A Boy’s Own Story is quite a well known novel about growing up as a gay teen in the fifties in America. Edmund White’s book is based on his own experiences. It is part one of a trilogy of novels based on the same character. I haven’t read the other novels, and I was initially put off because of my experience with this novel. I listened to this as an audiobook, which I don’t think was the best way to go about it. I found the voice of the narrator particularly aggravating and overly effeminate. I then went onto Youtube and listened to Edmund White reading sections of the book himself. After I listened to Edmund White read the story as he had intended it to be heard, I suddenly appreciated a lot more.
Many, many reviews have been written about this book, by professional reviewers and by other gay authors who talk about how inspiring they found this work. You can seek those out on the internet if you wish. Edmund White is a major figure in gay literature, and was also present at the Stonewall Riots, so he has a prominent place within this community. I will just add a few insights here from what I felt after reading/listening to his novel.
The first thing that I missed in the audiobook, but found through the videos of Edmund White reading, was that there were scenes in the book that were supposed to be funny. By funny, I don’t mean slapstick, but more that they were ridiculous. In the main protagonist’s attempts to find love, or something like that, he puts himself into some ridiculous situations, which in the audiobook just sounded sad. However, looking back on it I can see that they were supposed to be more quixotic. The main character is doing anything to figure out who he is and his place in the world, and because he doesn’t fit in with the morals and norms of the fifties, he ends up with a lot of awkward experiences.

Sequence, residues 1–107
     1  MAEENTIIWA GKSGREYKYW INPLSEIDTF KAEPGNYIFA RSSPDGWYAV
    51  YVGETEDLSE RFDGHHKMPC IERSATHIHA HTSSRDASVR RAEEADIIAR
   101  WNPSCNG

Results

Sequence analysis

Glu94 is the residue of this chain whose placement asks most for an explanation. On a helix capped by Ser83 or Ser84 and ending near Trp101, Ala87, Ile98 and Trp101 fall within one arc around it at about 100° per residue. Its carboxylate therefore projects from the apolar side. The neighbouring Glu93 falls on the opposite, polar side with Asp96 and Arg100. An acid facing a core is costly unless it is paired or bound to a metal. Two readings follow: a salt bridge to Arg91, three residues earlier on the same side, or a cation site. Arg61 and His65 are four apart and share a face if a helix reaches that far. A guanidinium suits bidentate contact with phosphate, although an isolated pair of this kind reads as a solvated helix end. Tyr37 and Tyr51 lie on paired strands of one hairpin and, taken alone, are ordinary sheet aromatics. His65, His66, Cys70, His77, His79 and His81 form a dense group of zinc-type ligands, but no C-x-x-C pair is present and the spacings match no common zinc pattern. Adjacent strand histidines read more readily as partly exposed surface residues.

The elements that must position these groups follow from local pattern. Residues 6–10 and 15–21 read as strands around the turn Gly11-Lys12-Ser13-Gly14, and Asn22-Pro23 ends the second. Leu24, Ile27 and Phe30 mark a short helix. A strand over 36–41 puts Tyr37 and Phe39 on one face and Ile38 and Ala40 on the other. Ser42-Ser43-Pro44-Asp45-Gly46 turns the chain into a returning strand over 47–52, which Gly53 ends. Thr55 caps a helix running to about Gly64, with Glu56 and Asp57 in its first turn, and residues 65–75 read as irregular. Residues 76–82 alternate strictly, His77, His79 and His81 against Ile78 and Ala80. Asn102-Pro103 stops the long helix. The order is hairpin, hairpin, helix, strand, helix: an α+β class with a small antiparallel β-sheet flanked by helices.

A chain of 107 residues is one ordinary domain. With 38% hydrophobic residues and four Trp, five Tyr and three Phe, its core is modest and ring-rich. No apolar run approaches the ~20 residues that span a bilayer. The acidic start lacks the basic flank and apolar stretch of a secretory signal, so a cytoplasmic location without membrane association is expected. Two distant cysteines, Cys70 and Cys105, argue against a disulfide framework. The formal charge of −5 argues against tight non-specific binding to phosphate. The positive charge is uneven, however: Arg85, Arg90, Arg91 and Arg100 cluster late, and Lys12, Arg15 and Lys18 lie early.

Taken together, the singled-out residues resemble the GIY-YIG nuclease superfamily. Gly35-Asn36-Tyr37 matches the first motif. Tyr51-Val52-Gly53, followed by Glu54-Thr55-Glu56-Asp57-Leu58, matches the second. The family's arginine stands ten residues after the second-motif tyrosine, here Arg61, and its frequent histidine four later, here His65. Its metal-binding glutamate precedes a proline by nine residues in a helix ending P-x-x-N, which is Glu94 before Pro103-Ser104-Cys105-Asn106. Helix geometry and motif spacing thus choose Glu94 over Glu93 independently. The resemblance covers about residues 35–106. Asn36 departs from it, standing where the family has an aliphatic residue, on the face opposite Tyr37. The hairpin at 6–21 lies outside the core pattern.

The second part that I missed is that there is supposed to be a sort of building empowerment experienced in the book. By the end of the book the main protagonist does what he considers to be his first ‘adult’ act. From the narration in the audiobook this seemed far too manipulative, but thinking back, it was more about an adolescent trying to empower himself in a world which denied him any sense of power.
I found it difficult to relate to this novel in the same way that may of it’s older reviews have. The life that Edmund White describes in A Boy’s Own Story is one that I can only imagine. I couldn’t tap into any of the experiences described. In some ways it felt like how we feel when we read Victorian classics. There is nothing to relate to, but you’re there and along for the ride out of some sense of duty and hope to be entertained along the way. I think the novel is entertaining, but I don’t think the audiobook version was. So whilst I recommend the novel, I don’t recommend listening to an audiobook version (narrated by George Blackman).